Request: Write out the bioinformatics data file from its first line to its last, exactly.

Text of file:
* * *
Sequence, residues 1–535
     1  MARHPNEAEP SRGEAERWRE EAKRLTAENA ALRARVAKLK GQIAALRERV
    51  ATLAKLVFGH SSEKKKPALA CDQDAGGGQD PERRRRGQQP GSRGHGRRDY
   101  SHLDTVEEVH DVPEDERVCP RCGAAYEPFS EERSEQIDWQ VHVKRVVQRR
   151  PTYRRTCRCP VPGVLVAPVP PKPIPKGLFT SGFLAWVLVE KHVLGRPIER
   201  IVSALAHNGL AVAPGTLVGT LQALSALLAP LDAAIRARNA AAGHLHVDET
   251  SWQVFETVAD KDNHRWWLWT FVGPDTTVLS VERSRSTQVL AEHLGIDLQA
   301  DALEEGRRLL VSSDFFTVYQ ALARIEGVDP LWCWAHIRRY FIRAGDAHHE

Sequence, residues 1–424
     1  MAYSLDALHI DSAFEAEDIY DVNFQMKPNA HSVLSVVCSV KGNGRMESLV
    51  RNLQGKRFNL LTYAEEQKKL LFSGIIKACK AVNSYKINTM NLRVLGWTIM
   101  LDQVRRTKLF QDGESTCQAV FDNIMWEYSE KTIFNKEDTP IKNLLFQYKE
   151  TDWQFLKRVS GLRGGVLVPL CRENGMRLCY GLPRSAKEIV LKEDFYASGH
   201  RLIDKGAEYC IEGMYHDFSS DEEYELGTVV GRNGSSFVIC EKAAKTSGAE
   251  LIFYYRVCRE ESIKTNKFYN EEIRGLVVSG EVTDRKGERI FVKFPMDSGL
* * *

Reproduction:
Sequence, residues 1–535
     1  MARHPNEAEP SRGEAERWRE EAKRLTAENA ALRARVAKLK GQIAALRERV
    51  ATLAKLVFGH SSEKKKPALA CDQDAGGGQD PERRRRGQQP GSRGHGRRDY
   101  SHLDTVEEVH DVPEDERVCP RCGAAYEPFS EERSEQIDWQ VHVKRVVQRR
   151  PTYRRTCRCP VPGVLVAPVP PKPIPKGLFT SGFLAWVLVE KHVLGRPIER
   201  IVSALAHNGL AVAPGTLVGT LQALSALLAP LDAAIRARNA AAGHLHVDET
   251  SWQVFETVAD KDNHRWWLWT FVGPDTTVLS VERSRSTQVL AEHLGIDLQA
   301  DALEEGRRLL VSSDFFTVYQ ALARIEGVDP LWCWAHIRRY FIRAGDAHHE

Sequence, residues 1–424
     1  MAYSLDALHI DSAFEAEDIY DVNFQMKPNA HSVLSVVCSV KGNGRMESLV
    51  RNLQGKRFNL LTYAEEQKKL LFSGIIKACK AVNSYKINTM NLRVLGWTIM
   101  LDQVRRTKLF QDGESTCQAV FDNIMWEYSE KTIFNKEDTP IKNLLFQYKE
   151  TDWQFLKRVS GLRGGVLVPL CRENGMRLCY GLPRSAKEIV LKEDFYASGH
   201  RLIDKGAEYC IEGMYHDFSS DEEYELGTVV GRNGSSFVIC EKAAKTSGAE
   251  LIFYYRVCRE ESIKTNKFYN EEIRGLVVSG EVTDRKGERI FVKFPMDSGL